In this scenario we choose some parameters in a way that is detrimental to Luke’s survival. To this end we assume that the Tauntaun has cooled off a bit since it perished, and that Luke himself already suffers from mild hypothermia. We start with $T_0=35\;^o\text{C}$. We also increase the windspeed by $1/3$rd, yielding $v_W=40\;\text{m/s}$. Additionally, to make matters even worse, we assume that Han needs two hours to construct a shelter. Maybe even the ambient temperature is a little lower, so let’s set $T_A=-80\;^o\text{C}$. It is also possible that we overestimated the Tauntaun’s mass, maybe a large riding horse wasn’t a good comparison at all! So let’s reduce that too and use $m_\text{Tauntaun}=450\;\text{kg}$.

Now we calculate the temperature course for different thicknesses of the insulating fat layer.

The figure above shows some curves, all annotated with the corresponding thickness of the insulating fat layer. The colouring indicates how good the result is for Luke – the more yellow the better. The longer his body temperature stays above $28\;^o\text{C}$ the better his chances of survival.

For the worst case scenario we can note the following:

If the Tauntaun’s fat layer is at least $7\;\text{cm}$ thick Luke does not suffer severe hypothermia while Han builds the shelter. However, he’s almost there and a little bit of safety margin would be a good idea. With a fat layer of $8\;\text{cm}$ Luke would still have a body temperature of $29\;^o\text{C}$ – low but with already increased chances of survival.

So $8\;\text{cm}$ is our fat layer thickness result here. This gives Luke an actual chance to survive the night.

**The best case**

As in the worst case scenario we vary some parameters differently. This time, however, we adjust them in such a way that it is easier for Luke to survive. That means that we set $T_A=-60\;^o\text{C}$, $T_0=37\;^o\text{C}$, $v_W=20\;\text{m/s}$, $m_\text{Tauntaun}=550\;\text{kg}$ and we give Han a speed boost, allowing him to build an igloo in only $60\;\text{min}$.

These choices increase Luke’s chances to survice the night quite a bit. Now the Tauntaun is only required to have a layer of fat that is $2\;\text{cm}$ thick.

## Conclusion

After all the work we did we can now say that Luke’s survival is likely if the Tauntaun’s thermally insulating fat layer has at least a thickness between $2\;\text{cm}$ and $8\;\text{cm}$.

If you finally get to a result it is useful to think about wheter it is a realistic one or not. In our case we can take a look at terrestrial life forms that live (like Tauntauns) in a natural environment that resembles Hoth. A polar bear would be a good candidate for that. And we find that they can have fat layers of up to $8.6\;\text{cm}$!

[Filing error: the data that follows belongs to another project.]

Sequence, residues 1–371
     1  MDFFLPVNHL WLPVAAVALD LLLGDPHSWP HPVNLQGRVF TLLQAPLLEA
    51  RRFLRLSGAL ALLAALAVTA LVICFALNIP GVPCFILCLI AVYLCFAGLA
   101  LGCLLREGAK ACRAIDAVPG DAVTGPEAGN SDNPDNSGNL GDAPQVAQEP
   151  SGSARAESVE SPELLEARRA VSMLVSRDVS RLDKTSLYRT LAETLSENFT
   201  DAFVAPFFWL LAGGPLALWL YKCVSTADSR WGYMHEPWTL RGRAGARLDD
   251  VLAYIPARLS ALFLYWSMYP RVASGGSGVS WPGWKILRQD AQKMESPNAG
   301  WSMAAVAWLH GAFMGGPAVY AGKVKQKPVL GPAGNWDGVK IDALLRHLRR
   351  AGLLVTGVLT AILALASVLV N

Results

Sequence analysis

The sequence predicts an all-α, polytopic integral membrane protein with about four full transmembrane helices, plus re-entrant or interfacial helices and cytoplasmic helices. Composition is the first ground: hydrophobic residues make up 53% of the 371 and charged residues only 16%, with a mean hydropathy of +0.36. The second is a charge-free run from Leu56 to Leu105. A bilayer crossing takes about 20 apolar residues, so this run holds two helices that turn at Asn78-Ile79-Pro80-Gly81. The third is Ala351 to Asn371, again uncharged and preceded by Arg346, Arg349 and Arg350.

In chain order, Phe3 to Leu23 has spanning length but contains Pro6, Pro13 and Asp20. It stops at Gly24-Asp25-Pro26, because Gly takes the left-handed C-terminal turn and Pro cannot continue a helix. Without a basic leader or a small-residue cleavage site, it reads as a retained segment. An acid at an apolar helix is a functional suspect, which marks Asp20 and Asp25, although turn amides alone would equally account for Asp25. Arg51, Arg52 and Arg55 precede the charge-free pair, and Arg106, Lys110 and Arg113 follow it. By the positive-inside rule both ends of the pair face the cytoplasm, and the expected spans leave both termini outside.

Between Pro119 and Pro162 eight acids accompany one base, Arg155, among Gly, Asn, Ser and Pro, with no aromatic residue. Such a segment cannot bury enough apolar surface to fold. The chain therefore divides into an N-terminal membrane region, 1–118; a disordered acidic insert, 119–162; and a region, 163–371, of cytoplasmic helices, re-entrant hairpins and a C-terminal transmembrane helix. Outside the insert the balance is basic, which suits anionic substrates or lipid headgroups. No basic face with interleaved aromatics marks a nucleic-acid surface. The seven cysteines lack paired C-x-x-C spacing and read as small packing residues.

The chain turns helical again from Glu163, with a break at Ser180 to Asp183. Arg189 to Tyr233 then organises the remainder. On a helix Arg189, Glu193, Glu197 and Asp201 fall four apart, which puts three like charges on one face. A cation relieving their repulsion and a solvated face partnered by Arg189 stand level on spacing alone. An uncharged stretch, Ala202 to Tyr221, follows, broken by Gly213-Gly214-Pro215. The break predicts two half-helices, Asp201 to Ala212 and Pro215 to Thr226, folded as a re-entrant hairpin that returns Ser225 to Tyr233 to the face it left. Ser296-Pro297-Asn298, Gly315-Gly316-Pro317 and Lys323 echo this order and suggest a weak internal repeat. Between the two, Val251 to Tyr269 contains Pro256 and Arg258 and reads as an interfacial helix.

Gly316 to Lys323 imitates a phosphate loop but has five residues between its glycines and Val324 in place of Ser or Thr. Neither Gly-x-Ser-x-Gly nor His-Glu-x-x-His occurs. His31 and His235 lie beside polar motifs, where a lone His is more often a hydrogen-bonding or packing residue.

Another reason for Luke’s survival is the large mass of the Tauntaun. It is at least 6 times that of Luke’s and consists mainly of materials (tissue and water) that stores heat well. Getting rid of all that heat just takes its time!

Of course we made some simplifications that are questionable. The cut at the Tauntaun’s belly for instance – we can expect an additional heat loss there. But on the other hand we can argue that Han closed it off as well as possible or that Luke’s body produces some heat on its own.

All in all I’d say that Luke has some actual chance of surviving without suffering from severe hypothermia. However, problems that arise from lying around in the intestines of another life-form (oxygen supply for Luke, risk of infections due to open wounds, …) are something I excluded from this analysis.

By the way our results are even consistent with the Mythbusters Episode. If we choose the parameters as shown in that episode the fat layer that yields the same results (Luke having a temperature of $33^o\;\text{C}$ after $2.5\;\text{h}$) would be $2\;\text{cm}$ thick.

So all in all it is entirely possible that Luke survives the night. Assuming that he does, does not even lead to absurd properties of the Tauntaun (like a $10\;\text{m}$ thick fat layer for instance). And we even find similiar fat layer thicknesses in polar bears.

## Literature

**J.R. Turnpenny et. al.**, 2000, *Thermal balance of livestock: 1. A parsimonious model*. Agricultural and Forest Meteorology, Vol. 101, 1, pp15–27

**K. Giering**, 1995, *Determination of the specific heat capacity of healthy and tumorous human tissue*, Thermochimica Acta, Vol. 251, pp199-205.

**A.N. Takata et. al.**, 1977, *Laser-induced thermal damage of skin*, USAF school of aerospace medicine.

**P.E. Watson et. al.**, 1980, *Total body water volumes for adult males and females estimated from simple anthropometric measurements*, The American Journal of Clinical Nutrition, Vol. 33, pp27-39.

**C.T. O’Sullivan**, 1990, *Netwon’s law of cooling – A critical assessment*, American Journal of Physics, Vol. 10, pp956-960